A picture taken on April 26, 2017, shows part of ancient synagogue, discovered during the renovation of the ancient harbour of Caesarea, being displayed during a press conference in the Israeli Mediterranean town of Caesarea. / AFP PHOTO / JACK GUEZ (Photo credit should read JACK GUEZ/AFP/Getty Images)
A picture taken on April 26, 2017, shows artifacts, discovered during the renovation of the ancient harbour of Caesarea, on display during a press conference in the Israeli Mediterranean town of Caesarea. / AFP PHOTO / JACK GUEZ (Photo credit should read JACK GUEZ/AFP/Getty Images)
Workers take part in renovations at the ancient harbour of Caesarea on April 26, 2017, in the Israeli Mediterranean town. / AFP PHOTO / JACK GUEZ (Photo credit should read JACK GUEZ/AFP/Getty Images)
A picture taken on April 26, 2017, shows artifacts, discovered during the renovation of the ancient harbour of Caesarea, being displayed during a press conference in the Israeli Mediterranean town of Caesarea. / AFP PHOTO / JACK GUEZ (Photo credit should read JACK GUEZ/AFP/Getty Images)
A picture taken on April 26, 2017, shows artifacts, discovered during the renovation of the ancient harbour of Caesarea, on display during a press conference in the Israeli Mediterranean town of Caesarea. / AFP PHOTO / JACK GUEZ (Photo credit should read JACK GUEZ/AFP/Getty Images)
Workers take part in renovations at the ancient harbour of Caesarea on April 26, 2017, in the Israeli Mediterranean town. / AFP PHOTO / JACK GUEZ (Photo credit should read JACK GUEZ/AFP/Getty Images)
A picture taken on April 26, 2017, shows an ancient aqueduct in the Israeli Mediterranean town of Caesarea. / AFP PHOTO / JACK GUEZ (Photo credit should read JACK GUEZ/AFP/Getty Images)
A picture taken on April 26, 2017, shows the head part of a figurine from the Roman period depicting the Asclepius, god of medicine, discovered during the renovation of the ancient harbour of Caesarea, on display during a press conference in the Israeli Mediterranean town of Caesarea. / AFP PHOTO / JACK GUEZ (Photo credit should read JACK GUEZ/AFP/Getty Images)
People sit next to an ancient aqueduct on the shores of the Israeli Mediterranean town of Caesarea on April 26, 2017, during renovations of the ancient harbour. / AFP PHOTO / JACK GUEZ (Photo credit should read JACK GUEZ/AFP/Getty Images)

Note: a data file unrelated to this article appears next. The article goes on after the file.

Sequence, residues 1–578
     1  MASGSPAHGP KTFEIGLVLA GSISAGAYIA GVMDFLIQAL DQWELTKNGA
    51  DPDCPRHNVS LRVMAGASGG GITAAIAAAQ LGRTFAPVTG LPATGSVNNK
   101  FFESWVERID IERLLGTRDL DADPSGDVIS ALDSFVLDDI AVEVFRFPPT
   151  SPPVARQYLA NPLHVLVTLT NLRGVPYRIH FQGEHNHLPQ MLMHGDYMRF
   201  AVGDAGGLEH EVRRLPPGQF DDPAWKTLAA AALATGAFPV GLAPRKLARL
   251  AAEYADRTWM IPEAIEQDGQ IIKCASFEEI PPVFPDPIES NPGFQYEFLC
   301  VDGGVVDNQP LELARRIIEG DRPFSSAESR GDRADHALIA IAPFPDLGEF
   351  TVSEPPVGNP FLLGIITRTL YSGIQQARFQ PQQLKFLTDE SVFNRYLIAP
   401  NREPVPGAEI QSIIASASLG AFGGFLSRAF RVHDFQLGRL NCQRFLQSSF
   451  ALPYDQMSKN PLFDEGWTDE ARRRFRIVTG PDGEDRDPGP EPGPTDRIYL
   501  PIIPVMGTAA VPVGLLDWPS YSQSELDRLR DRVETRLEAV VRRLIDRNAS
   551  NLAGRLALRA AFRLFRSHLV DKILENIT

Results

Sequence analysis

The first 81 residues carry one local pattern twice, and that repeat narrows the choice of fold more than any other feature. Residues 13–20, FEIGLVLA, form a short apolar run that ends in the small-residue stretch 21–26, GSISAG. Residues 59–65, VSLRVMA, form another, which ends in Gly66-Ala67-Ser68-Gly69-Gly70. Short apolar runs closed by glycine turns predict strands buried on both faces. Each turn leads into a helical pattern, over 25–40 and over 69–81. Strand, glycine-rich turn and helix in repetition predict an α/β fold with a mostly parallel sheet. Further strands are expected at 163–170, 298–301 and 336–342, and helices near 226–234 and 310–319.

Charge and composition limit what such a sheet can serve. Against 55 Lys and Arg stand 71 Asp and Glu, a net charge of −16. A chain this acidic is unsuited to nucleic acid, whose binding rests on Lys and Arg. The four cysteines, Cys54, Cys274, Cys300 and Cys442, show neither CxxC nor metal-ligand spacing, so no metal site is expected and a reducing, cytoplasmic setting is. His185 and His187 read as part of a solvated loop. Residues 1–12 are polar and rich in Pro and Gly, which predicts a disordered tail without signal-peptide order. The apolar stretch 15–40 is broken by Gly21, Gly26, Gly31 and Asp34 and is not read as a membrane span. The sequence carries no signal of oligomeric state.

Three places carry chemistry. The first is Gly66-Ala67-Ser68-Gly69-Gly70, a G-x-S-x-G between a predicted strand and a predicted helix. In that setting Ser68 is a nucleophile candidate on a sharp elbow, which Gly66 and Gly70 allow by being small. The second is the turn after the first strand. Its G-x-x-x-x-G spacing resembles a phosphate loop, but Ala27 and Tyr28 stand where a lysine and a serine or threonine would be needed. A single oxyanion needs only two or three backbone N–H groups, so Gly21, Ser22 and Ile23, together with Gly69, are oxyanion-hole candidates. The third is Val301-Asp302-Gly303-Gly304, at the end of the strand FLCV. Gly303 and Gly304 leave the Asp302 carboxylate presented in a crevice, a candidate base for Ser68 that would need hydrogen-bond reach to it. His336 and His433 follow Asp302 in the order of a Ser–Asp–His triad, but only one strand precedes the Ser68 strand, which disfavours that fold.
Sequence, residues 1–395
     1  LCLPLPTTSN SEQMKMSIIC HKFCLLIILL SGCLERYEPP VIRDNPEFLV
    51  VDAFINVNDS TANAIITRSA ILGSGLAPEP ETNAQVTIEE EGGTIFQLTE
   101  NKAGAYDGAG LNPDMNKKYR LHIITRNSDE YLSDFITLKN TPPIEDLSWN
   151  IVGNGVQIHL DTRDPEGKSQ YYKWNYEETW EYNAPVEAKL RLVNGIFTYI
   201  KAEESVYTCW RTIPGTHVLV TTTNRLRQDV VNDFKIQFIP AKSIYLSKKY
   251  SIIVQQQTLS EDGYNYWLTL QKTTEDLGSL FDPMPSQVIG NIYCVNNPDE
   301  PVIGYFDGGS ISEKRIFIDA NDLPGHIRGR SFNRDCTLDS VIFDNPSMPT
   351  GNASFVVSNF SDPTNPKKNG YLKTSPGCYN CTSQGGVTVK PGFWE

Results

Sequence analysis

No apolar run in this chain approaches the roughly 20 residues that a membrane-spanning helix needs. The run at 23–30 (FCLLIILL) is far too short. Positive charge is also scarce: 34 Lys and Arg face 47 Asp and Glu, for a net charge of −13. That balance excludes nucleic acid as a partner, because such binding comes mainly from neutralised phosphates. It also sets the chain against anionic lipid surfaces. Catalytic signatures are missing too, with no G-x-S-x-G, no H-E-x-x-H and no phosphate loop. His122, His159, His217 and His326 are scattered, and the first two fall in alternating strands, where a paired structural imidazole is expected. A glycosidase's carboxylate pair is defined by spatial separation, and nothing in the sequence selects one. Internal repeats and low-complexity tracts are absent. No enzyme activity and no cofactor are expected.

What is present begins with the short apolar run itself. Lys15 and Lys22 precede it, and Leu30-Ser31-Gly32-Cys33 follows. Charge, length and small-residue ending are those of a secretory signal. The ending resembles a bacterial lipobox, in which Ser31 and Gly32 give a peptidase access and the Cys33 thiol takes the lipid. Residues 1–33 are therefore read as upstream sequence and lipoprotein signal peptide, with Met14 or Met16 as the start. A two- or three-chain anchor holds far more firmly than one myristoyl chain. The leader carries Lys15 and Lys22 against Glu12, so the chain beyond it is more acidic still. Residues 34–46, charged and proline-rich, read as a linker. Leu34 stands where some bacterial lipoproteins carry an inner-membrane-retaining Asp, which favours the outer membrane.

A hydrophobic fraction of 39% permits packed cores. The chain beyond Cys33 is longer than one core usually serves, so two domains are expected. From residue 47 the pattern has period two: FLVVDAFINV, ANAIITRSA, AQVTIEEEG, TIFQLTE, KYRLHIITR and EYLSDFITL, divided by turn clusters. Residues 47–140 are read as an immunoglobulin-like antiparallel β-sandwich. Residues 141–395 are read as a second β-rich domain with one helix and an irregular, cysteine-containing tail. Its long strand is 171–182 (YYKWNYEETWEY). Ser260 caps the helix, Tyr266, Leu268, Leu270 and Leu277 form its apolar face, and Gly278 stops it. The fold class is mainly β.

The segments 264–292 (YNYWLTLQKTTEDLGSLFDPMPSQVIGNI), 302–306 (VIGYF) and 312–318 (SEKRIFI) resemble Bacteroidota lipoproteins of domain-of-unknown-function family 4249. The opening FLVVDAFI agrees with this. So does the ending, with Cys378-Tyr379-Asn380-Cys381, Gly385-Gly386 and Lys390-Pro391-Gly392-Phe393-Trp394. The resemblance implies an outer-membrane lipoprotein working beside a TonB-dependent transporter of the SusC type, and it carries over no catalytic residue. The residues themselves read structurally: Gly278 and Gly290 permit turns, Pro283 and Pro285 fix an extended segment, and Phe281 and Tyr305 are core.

A picture taken on April 26, 2017, shows a general view of the renovations at the ancient harbour of Caesarea, in the Israeli Mediterranean town. / AFP PHOTO / JACK GUEZ (Photo credit should read JACK GUEZ/AFP/Getty Images)
Workers take part in renovations at the ancient harbour of Caesarea on April 26, 2017, in the Israeli Mediterranean town. / AFP PHOTO / JACK GUEZ (Photo credit should read JACK GUEZ/AFP/Getty Images)
A picture taken on April 26, 2017, shows a general view of the renovations at the ancient harbour of Caesarea, in the Israeli Mediterranean town. / AFP PHOTO / JACK GUEZ (Photo credit should read JACK GUEZ/AFP/Getty Images)
A picture taken on April 26, 2017, shows a general view of the renovations at the ancient harbour of Caesarea, in the Israeli Mediterranean town. / AFP PHOTO / JACK GUEZ (Photo credit should read JACK GUEZ/AFP/Getty Images)
Workers take part in renovations of a minaret at the ancient harbour of Caesarea on April 26, 2017, in the Israeli Mediterranean town. / AFP PHOTO / JACK GUEZ (Photo credit should read JACK GUEZ/AFP/Getty Images)
A worker cleans a mosaic floor during renovations at the ancient harbour of Caesarea on April 26, 2017, in the Israeli Mediterranean town. / AFP PHOTO / JACK GUEZ (Photo credit should read JACK GUEZ/AFP/Getty Images)
A worker takes part in renovations at the ancient harbour of Caesarea on April 26, 2017, in the Israeli Mediterranean town. / AFP PHOTO / JACK GUEZ (Photo credit should read JACK GUEZ/AFP/Getty Images)
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The Pantheon's current form and six-meter thick walls date from the early part of the reign of Emperor Hadrian, who came to power in A.D. 117. The building survived the Barbarian attacks on Rome and was transformed into a Christian church in 609.

Among those buried in there are the Renaissance artist Raphael and two Italian kings.

Caring for art and architecture dating back thousands of years has long posed a challenge for a country that is responsible for more UNESCO world heritage sites than any other and has long-standing problems of bureaucracy and low public funding.

($1 = 0.8487 euros) (Reporting by Isla Binnie; editing by John Stonestreet)